It’s not surprising that one of the most patronizing things you’ll often hear is that ‘you’ll understand that no one’s wrong, everyone’s perspective is equally correct and valuable, everything’s just a point of view’ – usually ‘when you’re older, when you’ll “become more open-minded and accepting” ‘.

In the first place, ‘relativism’ doesn’t have a monopoly on open-mindedness. You can be open-minded without believing that ‘everything’s just a perspective’.

And secondly, it doesn’t require being tolerant and open-minded to believe in relativism.

Tolerance and open-mindedness are hard virtues to truly imbibe; it’s far from easy to accept things you don’t agree with.

While it’s the easiest thing in the world (and usually highly rewarding) to preach relativism.

Relativism is the refuge of laziness and cowardice.

Intellectual laziness, because you don’t ever analyze an idea on its merits, you don’t compare it to alternatives, you don’t critique it.

You don’t even engage with an idea if you are a relativist, because you’d simply parrot your ready-made formula that ‘this is one perspective, neither more valuable nor less than the million others’.

In a world of millions of competing perspectives, you’re never going to be able to engage with all. If you truly believe none are better than any other, you’ll end up treating them all equally – which means treating them cursorily.

To engage, you have to treat an idea with respect, to look at it as a unique item and not one of a crowd, to address it specifically, with a tailor-made approach designed for it and it alone, not a one-size-fits-all ready-made magic formula.

It’s a work of art, a one-piece item that needs to be customized for the client’s specific needs, and not a mass-produced commodity churned out in an assembly line that manufactures perspectives one after another, all equally valuable with nothing to differentiate them.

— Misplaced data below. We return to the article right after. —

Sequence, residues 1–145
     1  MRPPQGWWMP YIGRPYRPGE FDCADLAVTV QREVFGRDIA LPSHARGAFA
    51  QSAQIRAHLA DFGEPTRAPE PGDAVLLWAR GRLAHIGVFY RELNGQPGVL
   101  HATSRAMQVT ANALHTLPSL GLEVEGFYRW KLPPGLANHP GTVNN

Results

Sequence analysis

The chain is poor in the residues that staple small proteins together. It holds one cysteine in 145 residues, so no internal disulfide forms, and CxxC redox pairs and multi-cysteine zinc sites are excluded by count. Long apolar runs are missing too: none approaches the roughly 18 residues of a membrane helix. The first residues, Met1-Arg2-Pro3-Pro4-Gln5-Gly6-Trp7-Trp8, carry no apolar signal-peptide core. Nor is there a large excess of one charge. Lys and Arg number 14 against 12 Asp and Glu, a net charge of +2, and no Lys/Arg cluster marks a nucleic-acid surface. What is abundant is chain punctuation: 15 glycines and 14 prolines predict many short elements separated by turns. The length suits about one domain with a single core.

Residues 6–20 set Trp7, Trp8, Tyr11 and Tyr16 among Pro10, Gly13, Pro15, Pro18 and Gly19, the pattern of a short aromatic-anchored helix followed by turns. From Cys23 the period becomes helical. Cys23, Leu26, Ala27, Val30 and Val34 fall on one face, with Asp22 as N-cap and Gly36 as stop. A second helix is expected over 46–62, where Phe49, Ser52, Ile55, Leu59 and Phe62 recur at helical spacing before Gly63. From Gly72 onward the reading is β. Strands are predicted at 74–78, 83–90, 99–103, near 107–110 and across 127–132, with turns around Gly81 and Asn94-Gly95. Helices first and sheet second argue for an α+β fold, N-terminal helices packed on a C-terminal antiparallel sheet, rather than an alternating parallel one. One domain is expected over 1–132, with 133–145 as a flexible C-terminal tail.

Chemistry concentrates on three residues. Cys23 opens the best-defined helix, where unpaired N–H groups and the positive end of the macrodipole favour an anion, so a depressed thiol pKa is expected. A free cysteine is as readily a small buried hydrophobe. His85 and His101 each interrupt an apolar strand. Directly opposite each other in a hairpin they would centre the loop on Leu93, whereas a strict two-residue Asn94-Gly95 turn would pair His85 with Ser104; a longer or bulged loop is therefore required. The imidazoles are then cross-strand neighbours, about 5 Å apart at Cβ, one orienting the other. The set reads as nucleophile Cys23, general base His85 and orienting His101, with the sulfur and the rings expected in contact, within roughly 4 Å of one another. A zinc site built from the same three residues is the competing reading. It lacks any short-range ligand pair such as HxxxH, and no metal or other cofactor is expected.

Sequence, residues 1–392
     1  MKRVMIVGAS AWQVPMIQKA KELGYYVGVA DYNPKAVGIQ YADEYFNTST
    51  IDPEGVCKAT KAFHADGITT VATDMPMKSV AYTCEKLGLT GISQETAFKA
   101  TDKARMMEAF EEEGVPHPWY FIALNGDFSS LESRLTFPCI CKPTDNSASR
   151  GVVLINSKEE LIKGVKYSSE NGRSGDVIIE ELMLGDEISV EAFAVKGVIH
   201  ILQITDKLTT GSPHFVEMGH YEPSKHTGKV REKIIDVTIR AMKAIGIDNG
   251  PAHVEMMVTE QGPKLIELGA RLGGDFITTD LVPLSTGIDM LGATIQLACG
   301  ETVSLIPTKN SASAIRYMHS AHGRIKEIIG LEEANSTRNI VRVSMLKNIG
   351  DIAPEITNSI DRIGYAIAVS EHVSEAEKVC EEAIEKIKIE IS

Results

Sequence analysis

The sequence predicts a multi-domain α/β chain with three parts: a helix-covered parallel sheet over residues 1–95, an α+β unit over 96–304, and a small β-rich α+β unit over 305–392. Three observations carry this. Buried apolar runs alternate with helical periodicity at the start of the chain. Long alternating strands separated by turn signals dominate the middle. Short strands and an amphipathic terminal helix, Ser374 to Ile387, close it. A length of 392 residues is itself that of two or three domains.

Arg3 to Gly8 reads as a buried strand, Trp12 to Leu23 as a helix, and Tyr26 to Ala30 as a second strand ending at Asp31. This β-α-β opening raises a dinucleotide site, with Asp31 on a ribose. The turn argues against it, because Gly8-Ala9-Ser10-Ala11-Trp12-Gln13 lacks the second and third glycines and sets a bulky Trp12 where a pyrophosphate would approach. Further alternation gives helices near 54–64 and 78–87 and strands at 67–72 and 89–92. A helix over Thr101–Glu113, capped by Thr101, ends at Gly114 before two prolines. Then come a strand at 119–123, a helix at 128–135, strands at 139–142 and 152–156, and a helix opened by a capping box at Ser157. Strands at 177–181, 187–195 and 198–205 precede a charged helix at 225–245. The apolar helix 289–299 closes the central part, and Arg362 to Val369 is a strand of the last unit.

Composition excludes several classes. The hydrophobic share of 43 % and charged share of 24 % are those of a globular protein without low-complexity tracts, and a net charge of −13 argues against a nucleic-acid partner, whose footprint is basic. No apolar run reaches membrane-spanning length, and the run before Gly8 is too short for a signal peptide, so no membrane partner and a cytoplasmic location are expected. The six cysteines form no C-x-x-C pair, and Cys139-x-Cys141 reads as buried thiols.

And because you won’t even engage with the idea, which is the first step, you’ll obviously never reject it, because after all, ‘nothing’s wrong, it’s just your perspective that it’s wrong, someone else could have a different perspective’.

In fact, you don’t even accept an idea for the same reason.

And that is cowardice – you never make a claim, you never open yourself up to criticism, and you never take a stand on anything.

Instead, you hide behind weasel words like ‘just a point of view’ and dress yourself up in an illusion of superiority, thinking that you’re on a higher ground than those dimwits who argue for something, who are so blind and narrow-minded to be unable to see beyond themselves, to be able to understand that their view is just one point of view.

β€œIt is not the critic who counts; not the man who points out how the strong man stumbles, or where the doer of deeds could have done them better. The credit belongs to the man who is actually in the arena, whose face is marred by dust and sweat and blood…”

Theodore Roosevelt

It’s like thinking of yourself as the referee in a wrestling match, thinking that it makes you better because you’re not the one getting dirty in the ring, though the truth is you’re too afraid to step into the ring.

And you can even crown the delusion by telling yourself that you are the real winner, because after all, the referee (usually) doesn’t take even one blow.

But the referee never wins anything either…

A Case for Relativism

Perhaps the biggest lure of relativism is that it isn’t always wrong.

In fact, it’s probably the best way of thinking a lot of the time, because it’s valid in these situations.

  • Personal preferences : I like football
  • Open ended, meaningless comparisons: Football is better than cricket
  • Prescriptions: You should play football

I think that the second and third scenarios are, in some ways, contained in the first.